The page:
Iranian President Rips 'Delusional' Trump for Sabotaging Nuclear Deal
European leaders also slammed U.S. president's move to decertify the nuclear accord, which they said has been extremely successful
As Israeli Prime Minister Benjamin Netanyahu and Saudi Arabia both rushed to praise U.S. President Donald Trump for his widely denounced decision Friday to decertify the Iran nuclear accord, Iranian President Hassan Rouhani ripped Trump's move in a television appearance and accused him of spreading "insults" and "a pile of delusional allegations."
Rouhani also said Trump is ignorant of history and geography, highlighted America's role in the 1953 overthrow of Iran's democratically elected government, and argued that Trump's move to undermine the nuclear accord will only further isolate the United States from the rest of the world.
Trump "apparently does not know that this is not a bilateral document between Iran and the US for him to act in any way he wishes," Rouhani said, highlighting the fact that the United Kingdom, China, France, Russia, and Germany are also party to the deal.
Joining Rouhani in denouncing Trump's refusal to certify the nuclear accord—officially named the Joint Comprehensive Plan of Action (JCPOA)—were British Prime Minister Theresa May, German Chancellor Angela Merkel, and French President Emmanuel Macron, who in a joint statement released Friday said they are "concerned by the possible implications" of the U.S. president's decision.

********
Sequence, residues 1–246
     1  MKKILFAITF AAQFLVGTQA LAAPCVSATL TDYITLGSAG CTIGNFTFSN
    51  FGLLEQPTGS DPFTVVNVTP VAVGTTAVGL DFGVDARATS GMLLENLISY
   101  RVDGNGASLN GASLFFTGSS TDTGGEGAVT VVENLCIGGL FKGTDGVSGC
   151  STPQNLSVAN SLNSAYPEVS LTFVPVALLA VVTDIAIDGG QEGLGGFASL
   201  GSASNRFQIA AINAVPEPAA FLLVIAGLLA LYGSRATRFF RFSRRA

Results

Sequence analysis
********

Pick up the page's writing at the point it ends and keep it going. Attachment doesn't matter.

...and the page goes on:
The Iran nuclear agreement, the world leaders argued, "is in our shared national security interest" and was "the culmination of 13 years of diplomacy and...a major step towards ensuring that Iran’s nuclear program is not diverted for military purposes."
"The JCPOA was unanimously endorsed by the U.N. Security Council in Resolution 2231," the statement concluded. "The International Atomic Energy Agency has repeatedly confirmed Iran's compliance with the JCPOA through its long-term verification and monitoring programme. Therefore, we encourage the U.S. administration and Congress to consider the implications to the security of the U.S. and its allies before taking any steps that might undermine the JCPOA, such as re-imposing sanctions on Iran lifted under the agreement."